Spain in now firmly on the radar of lithium producers from across the globe after the Spanish government revealed plans to invest billions in establishing the nation as electric vehicle (EV) development hub.
This summer, Spain’s president Pedro Sánchez, presented the “Strategic Project for the Recovery and Economic Transformation” (PERTE) of Electric and Connected Vehicles as a key plank in the government’s planning.
He told a small audience recently that the project will be based on public-private partnership and focused on strengthening the value chains of the Spanish automotive industry, which the government considers as a strategic sector.
“Our priority is economic, social and territorial recovery. And to achieve a vigorous recovery we cannot be satisfied with returning to the point prior to COVID, but we must transform our economy,” he said.
He noted that the Spanish economy must be more productive and create more jobs, as well as being more digital – and green.
The development of the PERTE foresees a total investment of more than €24 billion in the period 2021-2023, with a public sector contribution of €4.3 billion and a private investment of €19.7 billion.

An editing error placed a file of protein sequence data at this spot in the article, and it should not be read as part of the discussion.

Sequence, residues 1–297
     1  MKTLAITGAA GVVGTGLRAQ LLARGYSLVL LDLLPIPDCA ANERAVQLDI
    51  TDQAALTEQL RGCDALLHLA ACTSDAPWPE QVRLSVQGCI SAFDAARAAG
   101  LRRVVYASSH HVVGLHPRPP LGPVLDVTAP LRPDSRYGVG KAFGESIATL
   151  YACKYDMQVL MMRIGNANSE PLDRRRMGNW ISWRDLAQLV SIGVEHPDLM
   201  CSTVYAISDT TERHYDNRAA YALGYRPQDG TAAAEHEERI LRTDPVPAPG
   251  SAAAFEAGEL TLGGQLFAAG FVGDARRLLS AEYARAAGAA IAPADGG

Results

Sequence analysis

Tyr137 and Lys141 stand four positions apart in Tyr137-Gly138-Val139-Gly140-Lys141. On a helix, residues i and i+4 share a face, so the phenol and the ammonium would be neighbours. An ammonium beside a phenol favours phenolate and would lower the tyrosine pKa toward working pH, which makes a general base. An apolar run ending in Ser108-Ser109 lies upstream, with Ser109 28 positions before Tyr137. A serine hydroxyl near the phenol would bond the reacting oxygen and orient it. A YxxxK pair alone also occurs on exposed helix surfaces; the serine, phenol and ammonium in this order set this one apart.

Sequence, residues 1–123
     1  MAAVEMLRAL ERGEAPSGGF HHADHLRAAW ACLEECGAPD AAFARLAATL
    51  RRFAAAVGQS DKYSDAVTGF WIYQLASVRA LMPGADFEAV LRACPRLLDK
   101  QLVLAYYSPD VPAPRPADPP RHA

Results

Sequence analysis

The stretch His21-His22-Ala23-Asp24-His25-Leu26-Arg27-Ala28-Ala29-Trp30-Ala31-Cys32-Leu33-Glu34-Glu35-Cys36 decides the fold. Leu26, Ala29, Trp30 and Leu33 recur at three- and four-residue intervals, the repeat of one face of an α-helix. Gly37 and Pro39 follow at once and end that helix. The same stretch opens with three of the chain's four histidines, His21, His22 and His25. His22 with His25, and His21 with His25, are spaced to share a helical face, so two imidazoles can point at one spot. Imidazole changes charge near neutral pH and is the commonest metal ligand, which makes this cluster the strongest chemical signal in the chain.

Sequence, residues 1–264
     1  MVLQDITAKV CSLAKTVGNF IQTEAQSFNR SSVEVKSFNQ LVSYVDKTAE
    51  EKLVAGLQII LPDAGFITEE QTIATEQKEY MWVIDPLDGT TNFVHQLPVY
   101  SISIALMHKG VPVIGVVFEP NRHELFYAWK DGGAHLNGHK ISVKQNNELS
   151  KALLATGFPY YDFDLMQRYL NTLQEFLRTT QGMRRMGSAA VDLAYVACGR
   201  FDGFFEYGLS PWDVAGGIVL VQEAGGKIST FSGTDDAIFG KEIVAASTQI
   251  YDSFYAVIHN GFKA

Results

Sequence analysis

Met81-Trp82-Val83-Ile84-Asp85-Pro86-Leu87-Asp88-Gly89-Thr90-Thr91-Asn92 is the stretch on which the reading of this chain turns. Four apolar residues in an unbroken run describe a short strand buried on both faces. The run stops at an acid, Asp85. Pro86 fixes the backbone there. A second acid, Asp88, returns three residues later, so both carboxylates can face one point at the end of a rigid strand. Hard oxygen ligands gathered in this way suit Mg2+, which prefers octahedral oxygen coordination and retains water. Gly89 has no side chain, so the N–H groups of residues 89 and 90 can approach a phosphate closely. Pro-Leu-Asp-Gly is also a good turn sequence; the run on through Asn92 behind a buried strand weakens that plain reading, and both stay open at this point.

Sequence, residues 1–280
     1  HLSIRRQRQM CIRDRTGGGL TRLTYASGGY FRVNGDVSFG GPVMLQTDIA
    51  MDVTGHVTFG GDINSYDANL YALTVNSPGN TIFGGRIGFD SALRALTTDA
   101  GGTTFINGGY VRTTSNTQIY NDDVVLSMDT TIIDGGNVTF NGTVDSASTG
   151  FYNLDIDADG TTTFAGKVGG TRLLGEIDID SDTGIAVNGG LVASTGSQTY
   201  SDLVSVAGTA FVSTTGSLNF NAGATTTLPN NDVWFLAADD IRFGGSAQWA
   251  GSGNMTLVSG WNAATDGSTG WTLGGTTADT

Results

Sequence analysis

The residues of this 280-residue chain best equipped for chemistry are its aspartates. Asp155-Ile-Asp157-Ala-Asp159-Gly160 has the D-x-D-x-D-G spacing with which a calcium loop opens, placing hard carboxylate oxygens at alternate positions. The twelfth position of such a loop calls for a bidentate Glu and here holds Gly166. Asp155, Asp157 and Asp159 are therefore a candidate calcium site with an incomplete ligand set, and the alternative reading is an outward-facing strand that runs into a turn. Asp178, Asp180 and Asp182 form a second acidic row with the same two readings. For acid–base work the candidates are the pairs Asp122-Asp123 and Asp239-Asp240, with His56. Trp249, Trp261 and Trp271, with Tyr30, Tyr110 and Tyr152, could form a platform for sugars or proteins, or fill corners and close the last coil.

“With this investment to boost electric vehicles, we believe that the sector can increase its weight in GDP by up to 15% by 2030,” Mr Sánchez said.
The president said the aim is to create the necessary ecosystem in Spain to develop and manufacture electric and grid-connected vehicles, and turn the country into the European hub for electromobility.
“The PERTE is aimed at one of the strategic sectors of the Spanish economy, with a tractor effect due to its weight in the national GDP and direct and indirect employment and its contribution to the trade balance.”
‘Consolidation of quality jobs’
Spain is already the second largest vehicle manufacturer in Europe and the ninth largest in the world. It represents 11% of total industrial turnover. The automotive sector is the fourth largest export sector and represents 15% of total Spanish exports.
To boost and promote the PERTE, the president has announced the creation of an Alliance for Electric and Connected Vehicles, which will involve all relevant stakeholders and ensure permanent dialogue. The ministries involved will be represented in this Alliance, as well as the automotive round table where the representative associations of the automotive sector, trade unions and regional governments are present.
Mr Sánchez said he expects that PERTE in relation to electric vehicles will contribute to the creation and consolidation of quality jobs, as all projects approved will contain a training component to ensure the qualification and requalification of workers.
“In this area I would like to point out that Spain is the first country in which an Academy for Batteries is to be set up. This initiative will enable the training of some 150,000 people in the coming years in the different areas related to the development and manufacture of batteries for electric cars,” he said.
Other expected impacts would be to reach 250,000 registered EVs and between 80,000 and 110,000 charging points deployed by 2023.